Meanwhile, in Iowa, a group known as the Progressive Change Campaign Committee, originally founded to aid Democratic Congressional candidates in 2010, has started broadcasting an advertisement that shows Mr. Obama, in 2008, promising to reverse the tax cuts for the most affluent Americans. The group isn’t advocating a primary challenge just yet — but then, the choice of Iowa as a market seems intended to send a pretty clear warning to the White House.

On issue after issue, when the public is on his side, this president just refuses to fight,” says Adam Green, the group’s co-founder. “At this point, the strategy is to shame him into fighting.”

All of this would have seemed unthinkable in 2008, when Mr. Obama’s red-white-and-blue visage seemed omnipresent on campuses and along city streets, a symbol to many of liberalism reborn. That, of course, was before the abandonment of “card-check” legislation for unions and of the so-called public option in health care, the escalation in Afghanistan and the formation of the deficit-reduction commission…

Draft Hillary!

And how did someone at the TIMES manage to write a piece like this without mentioning Hillary?

Year 2 of the EcoCar challenge

Automotive technology is evolving at a dizzying pace, and training the next generation of car engineers is no longer confined to traditional classrooms and textbooks. Real-world, hands-on experience is crucial and that’s why collegiate engineering competitions like the EcoCar Challenge are more important than ever before. The 2010 finals have just ended and [Motorweek] we were proud to take part in the judging, so let’s tally up the results.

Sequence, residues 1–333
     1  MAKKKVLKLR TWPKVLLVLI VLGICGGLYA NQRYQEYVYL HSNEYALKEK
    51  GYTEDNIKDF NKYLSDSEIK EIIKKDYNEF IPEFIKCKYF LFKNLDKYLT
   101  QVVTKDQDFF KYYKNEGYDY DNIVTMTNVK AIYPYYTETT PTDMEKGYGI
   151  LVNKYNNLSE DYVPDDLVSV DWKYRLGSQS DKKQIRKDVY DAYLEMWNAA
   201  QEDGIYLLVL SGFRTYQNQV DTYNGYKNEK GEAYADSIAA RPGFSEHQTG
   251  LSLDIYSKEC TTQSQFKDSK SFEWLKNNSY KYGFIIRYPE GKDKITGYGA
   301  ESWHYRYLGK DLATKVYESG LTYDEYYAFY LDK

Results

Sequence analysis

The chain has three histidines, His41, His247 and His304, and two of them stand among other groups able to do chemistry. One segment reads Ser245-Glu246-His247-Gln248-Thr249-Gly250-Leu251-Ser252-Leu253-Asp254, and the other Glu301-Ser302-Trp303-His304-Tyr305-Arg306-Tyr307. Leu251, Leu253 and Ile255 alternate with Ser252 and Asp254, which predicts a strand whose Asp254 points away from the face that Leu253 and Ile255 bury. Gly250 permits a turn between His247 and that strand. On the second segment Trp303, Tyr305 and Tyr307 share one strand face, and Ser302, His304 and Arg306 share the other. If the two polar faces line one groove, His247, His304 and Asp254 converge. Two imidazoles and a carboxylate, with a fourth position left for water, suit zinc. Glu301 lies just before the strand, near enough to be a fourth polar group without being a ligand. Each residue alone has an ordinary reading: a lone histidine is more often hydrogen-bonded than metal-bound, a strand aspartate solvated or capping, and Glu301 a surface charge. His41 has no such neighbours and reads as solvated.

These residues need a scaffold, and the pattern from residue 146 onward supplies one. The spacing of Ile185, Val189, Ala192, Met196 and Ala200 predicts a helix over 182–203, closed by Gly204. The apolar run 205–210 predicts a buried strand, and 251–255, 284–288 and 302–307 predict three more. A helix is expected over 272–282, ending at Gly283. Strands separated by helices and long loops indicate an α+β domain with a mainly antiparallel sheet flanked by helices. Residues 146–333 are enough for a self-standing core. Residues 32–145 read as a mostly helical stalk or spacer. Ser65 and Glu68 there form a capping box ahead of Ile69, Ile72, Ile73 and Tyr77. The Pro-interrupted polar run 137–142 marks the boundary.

EcoCar is a three-year competition in which 16 North American college teams were challenged to improve the emissions and fuel economy of a compact GM crossover vehicle while retaining all of its utility, safety and performance.

Teams were allowed to design their own drivetrain architectures, and chosen technologies included full-electrics, plug-in hybrids, fuel cells, and extended range electric vehicles…

After a year of modeling and simulation, teams were given their vehicles for year two, and have worked ever since on implementing their designs. But the students also had to think real-world in terms of packaging their components, fit and finish, drivability and consumer acceptance…

All these kids are top-notch engineers already, even before they’ve graduated. But what we’re doing is giving them experience with the latest tools and techniques, plus a very long-term disciplined process that we give to them and their schools so that they can have a three-year experience doing something really big…